A separate Dunwoody school system reinforces that problem, when we should be fighting it.

    This isn’t exactly a black-white thing for me. Wealthy black families have exactly the same opportunities to educate their children that wealthy white families have. The evidence right now is that poor white families in metro Atlanta are just as screwed as poor black families in terms of being able to move up the economic ladder.

    But most of the poor in DeKalb are black and Latino. And this move is going to have a disproportionate effect on people of color. I suspect that’s what it will come down to in court. As a city, Dunwoody can zone to keep low-income families from being able to move in. The net effect will be to push poorer (read: black) families over time into the now-further-weakened DeKalb County school system.

    I understand why Dunwoody wants it. The majority of the DeKalb County Board of Education was useless and potentially corrupt. The county should be taking much more visible steps to fight corruption and to win back the public trust. And it’s not. Too many county leaders appear to be in a state of denial, ready to denounce accusers as simply racist.

    But the new board is very strong. Kicking the legs out from under it now would be an unforgivable blow to the majority of the system’s students, just when things are looking up.

    • bgsmallz says:

      Appreciate the well thought out argument…certainly disagree with some of the premises…the ultimate counter argument is Druid Hills. This was a cluster that was going to include a broad spectrum of income and race…and yet…denied.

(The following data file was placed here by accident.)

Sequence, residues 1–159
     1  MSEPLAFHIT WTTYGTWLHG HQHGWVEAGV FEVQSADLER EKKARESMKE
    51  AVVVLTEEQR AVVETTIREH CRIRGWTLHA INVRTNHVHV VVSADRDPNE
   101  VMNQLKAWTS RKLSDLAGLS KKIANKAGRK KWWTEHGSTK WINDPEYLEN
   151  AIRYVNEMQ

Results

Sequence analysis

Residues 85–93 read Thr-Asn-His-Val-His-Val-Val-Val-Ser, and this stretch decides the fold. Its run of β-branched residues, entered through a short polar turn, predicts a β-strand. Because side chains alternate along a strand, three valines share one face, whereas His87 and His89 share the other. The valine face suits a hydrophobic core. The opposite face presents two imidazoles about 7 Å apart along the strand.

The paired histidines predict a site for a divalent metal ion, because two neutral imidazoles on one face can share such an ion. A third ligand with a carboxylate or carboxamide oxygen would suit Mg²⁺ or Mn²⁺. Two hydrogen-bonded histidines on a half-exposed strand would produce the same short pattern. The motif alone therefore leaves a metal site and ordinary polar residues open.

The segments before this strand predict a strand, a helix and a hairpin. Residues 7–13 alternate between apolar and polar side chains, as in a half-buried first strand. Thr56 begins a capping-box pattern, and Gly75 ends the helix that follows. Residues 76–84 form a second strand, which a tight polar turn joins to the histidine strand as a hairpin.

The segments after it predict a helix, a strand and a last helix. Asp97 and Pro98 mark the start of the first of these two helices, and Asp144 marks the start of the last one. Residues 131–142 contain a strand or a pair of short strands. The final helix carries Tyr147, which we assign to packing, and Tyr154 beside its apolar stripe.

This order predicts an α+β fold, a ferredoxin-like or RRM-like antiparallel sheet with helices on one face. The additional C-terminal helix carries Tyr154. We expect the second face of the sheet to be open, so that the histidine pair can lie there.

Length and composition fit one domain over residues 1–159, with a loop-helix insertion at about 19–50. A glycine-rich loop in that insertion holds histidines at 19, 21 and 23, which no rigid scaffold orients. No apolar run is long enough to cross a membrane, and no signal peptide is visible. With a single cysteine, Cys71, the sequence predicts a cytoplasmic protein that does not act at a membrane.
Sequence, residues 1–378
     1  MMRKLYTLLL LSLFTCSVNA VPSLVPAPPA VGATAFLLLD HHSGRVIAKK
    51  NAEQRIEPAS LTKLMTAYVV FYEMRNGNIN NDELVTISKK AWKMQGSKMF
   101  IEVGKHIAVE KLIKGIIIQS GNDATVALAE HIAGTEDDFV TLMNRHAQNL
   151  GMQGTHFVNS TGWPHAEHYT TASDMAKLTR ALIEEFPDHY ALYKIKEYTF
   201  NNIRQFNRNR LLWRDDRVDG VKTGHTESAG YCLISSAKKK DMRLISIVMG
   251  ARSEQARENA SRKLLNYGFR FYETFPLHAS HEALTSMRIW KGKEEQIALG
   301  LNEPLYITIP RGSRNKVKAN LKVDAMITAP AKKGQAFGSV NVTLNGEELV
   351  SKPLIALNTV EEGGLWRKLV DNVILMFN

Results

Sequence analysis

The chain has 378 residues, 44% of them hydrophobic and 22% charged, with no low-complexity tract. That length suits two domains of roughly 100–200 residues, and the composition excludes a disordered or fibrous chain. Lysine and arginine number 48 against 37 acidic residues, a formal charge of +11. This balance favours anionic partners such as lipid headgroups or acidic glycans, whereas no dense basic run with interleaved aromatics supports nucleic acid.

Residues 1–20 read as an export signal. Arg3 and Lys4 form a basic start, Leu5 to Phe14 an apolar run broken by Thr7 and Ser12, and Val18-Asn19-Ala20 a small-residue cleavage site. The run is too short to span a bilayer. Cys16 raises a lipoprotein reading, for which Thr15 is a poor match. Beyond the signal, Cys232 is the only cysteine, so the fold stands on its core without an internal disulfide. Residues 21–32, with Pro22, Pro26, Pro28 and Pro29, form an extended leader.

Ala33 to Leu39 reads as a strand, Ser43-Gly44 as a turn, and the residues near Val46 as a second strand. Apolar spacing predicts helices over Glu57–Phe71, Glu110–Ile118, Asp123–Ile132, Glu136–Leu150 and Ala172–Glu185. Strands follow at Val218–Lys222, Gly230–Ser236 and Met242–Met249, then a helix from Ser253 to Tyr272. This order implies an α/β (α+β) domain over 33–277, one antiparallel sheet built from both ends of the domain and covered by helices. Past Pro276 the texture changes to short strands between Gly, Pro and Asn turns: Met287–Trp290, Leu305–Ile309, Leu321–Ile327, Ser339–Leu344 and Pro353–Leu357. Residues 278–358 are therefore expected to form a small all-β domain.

If your argument is, ‘no Dunwoody school district,’ you have to put forth an alternative for parents in Dunwoody and Brookhaven and Chamblee and Druid Hills (“Lakeside” “Briarcliff”) that will actually work. The status quo isn’t it….the school board has built trust that it can get the system off probation…but that’s a long way from fixing many of the problems that have nothing to do with administrative garbage and have everything to do with the classroom.

      I really can’t imagine a court challenge going anywhere. The same arguments that have been thrown out against the new cities will be used…and they’ve all lost.

      • George Chidi says:

        The arguments against the new cities lost because incorporation alone didn’t affect the school system. Brown vs. Board of Education wasn’t at play, meaningfully. The U.S. Supreme Court would have to throw out Brown for this to fly.

        • bgsmallz says:

          So are the city of Decatur schools unconstitutional?

          1) Dunwoody schools would be 51% white and 49% minority according to the study…in what way is that segregation?
          2) The school districts in Brown were split with race as the factor. The only barrier to a minority being part of Dunwoody schools is the ability to move, which isn’t really a barrier at all.

          • George Chidi says:

            Ah … but Decatur schools already exist. Decatur’s system predates Brown. And at the time of Brown, Decatur’s schools were mostly white. A wave of white flight in the ’60s and ’70s cratered property values and changed the demographics. A HUD program for homesteading radically reversed this starting in the ’70s, after Decatur began annexing the newly-revitalized areas of Oakhurst.